Read More
Rebecca Lusk

September 22, 2015

Trailblazer Rebecca Lusk Of Luxflora And Dümmen Orange …

Rebecca Lusk of Luxflora and Dümmen Orange is no stranger to breaking new ground, whether it's in her own company or in forming an organization that gives women in horticulture a united voice.

Read More

September 14, 2015

Smith Gardens Is Developing Growers With A New Initiati…

Finding enough qualified growers has long been a problem in the industry, but it’s one that Smith Gardens is working to solve, at least locally. The operation, which ranks No. 22 on Greenhouse Grower‘s Top 100 Growers list, is the largest in the Pacific Northwest, and spans more than 50 acres of greenhouses and 50 acres of field growing over four locations in Washington, Oregon and California. As a 112-year-old family business that recognizes the need to invest in its future, Smith Gardens has made its Cultivating The Future initiative a corporate priority to attract young people to careers in the horticulture industry. Don Spence, the production manager at Smith Gardens’ Aurora, Ore., location, started working with local schools years ago. The operation expanded its program to local community colleges, and this year Smith Gardens worked with the American Floral Endowment to set up an internship program, and hosted an […]

Read More
Smartphones may influence kids’ decisions about food

September 12, 2015

To Understand Your Next Consumers, Look Beyond Millenni…

There seems to be a constant stream of content in the media about Millennials and their habits and characteristics, particularly as consumers. But, what if they’re not the ones to be focusing on? A recent article in Food Business News is saying that they’re not. Instead, it suggests shifting the focus to the next generation. The article states that, according to bestselling author Matt Walsh, the most disruptive group of future food consumers was born in 2007. With gardening consumers becoming increasingly interested growing their own food, changes to the food industry will likely impact the horticulture industry, as well. “If you understand how an 8-year-old thinks, you’re a long way toward really understanding a transformative change in consumer behavior,” says Walsh, CEO of innovation research lab Tomorrow, during a July 13 presentation at the Institute of Food Technologists’ annual meeting and food exposition in Chicago. When an 8-year-old makes […]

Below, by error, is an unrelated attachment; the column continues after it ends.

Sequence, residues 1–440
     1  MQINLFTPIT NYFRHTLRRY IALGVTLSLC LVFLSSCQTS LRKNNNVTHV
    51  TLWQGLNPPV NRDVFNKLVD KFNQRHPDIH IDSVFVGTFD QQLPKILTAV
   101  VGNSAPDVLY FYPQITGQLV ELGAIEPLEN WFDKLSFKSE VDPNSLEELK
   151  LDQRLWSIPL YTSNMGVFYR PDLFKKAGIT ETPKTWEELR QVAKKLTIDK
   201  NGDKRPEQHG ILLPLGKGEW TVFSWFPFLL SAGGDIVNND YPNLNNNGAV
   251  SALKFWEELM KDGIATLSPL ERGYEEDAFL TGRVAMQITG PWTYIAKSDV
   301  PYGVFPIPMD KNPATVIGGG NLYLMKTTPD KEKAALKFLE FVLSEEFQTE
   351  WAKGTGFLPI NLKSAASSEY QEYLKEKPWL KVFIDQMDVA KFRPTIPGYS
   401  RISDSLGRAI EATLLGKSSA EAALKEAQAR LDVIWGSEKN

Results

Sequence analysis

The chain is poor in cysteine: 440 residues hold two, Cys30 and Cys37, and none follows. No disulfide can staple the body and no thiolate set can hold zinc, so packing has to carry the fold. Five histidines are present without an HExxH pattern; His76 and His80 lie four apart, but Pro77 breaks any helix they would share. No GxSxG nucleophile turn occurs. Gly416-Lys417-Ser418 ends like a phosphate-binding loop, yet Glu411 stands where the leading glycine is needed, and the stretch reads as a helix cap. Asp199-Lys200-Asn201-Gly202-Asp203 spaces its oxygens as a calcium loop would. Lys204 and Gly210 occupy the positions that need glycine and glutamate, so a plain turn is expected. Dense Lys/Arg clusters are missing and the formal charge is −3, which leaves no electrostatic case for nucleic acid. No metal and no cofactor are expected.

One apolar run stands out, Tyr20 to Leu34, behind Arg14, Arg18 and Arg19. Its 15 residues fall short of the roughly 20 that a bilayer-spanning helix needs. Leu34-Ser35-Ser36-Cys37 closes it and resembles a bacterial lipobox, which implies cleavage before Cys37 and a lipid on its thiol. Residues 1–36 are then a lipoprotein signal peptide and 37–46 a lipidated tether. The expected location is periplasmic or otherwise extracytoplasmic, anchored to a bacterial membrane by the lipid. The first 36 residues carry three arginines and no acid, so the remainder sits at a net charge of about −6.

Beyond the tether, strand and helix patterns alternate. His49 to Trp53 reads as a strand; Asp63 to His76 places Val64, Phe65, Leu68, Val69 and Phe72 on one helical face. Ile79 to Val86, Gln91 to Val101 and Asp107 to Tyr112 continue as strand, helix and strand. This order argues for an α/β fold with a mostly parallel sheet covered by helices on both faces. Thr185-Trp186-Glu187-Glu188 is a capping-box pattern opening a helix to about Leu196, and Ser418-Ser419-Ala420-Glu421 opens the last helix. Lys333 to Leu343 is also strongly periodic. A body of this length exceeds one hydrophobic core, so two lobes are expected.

Read More

September 2, 2015

Delegation Is Key To A Successful Greenhouse Operation

In a packed room at Cultivate’15, speaker Bernie Erven presented key steps growers need to take to improve their delegation skills, the benefits of delegating and the dangers of not learning how to delegate. This is a skill, he says, that everyone needs to learn. “For all of you who are part of a family business, you are choosing not to do things the easy way,” Erven laughed, as he presented a list of ways to know whether or not you’re an effective delegator. The owner of Erven HR Services, LLC, Erven has been working with and observing family businesses for many years. In his presentation, he said, he didn’t share anything that he hasn’t seen first-hand. You might not be a good delegator if you: Tend to be a perfectionist Work more hours than anyone else Lack time to explain clearly and concisely Are often interrupted Enjoy what you used to […]